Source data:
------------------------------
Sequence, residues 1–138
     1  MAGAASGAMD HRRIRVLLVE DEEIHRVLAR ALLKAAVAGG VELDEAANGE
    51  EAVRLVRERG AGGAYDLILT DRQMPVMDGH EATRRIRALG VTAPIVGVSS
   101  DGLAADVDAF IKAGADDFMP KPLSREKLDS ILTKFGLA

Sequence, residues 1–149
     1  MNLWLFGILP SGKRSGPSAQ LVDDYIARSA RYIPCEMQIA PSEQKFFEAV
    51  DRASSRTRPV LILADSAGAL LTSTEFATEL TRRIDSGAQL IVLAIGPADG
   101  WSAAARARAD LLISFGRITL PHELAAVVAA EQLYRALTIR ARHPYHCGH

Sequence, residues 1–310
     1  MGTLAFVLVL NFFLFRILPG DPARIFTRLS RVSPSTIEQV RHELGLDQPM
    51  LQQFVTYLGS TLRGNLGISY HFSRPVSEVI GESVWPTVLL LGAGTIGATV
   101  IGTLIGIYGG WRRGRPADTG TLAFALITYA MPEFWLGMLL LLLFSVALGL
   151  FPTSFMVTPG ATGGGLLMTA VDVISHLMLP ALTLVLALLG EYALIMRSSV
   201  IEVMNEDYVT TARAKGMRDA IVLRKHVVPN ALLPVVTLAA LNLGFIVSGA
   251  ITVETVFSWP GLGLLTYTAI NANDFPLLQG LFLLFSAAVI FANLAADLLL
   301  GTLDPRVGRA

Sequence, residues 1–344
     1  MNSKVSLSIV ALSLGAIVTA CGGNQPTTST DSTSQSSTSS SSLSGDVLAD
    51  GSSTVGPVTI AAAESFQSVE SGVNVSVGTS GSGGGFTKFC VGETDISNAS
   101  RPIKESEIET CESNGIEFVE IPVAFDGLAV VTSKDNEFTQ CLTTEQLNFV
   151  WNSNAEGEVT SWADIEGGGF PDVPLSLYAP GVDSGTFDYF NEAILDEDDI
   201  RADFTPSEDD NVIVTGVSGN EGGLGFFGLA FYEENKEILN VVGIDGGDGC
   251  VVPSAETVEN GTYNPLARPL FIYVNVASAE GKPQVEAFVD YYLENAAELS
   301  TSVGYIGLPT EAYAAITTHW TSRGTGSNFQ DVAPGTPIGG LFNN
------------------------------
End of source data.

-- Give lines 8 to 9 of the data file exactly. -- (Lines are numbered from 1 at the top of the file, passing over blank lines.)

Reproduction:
   101  WSAAARARAD LLISFGRITL PHELAAVVAA EQLYRALTIR ARHPYHCGH

Sequence, residues 1–310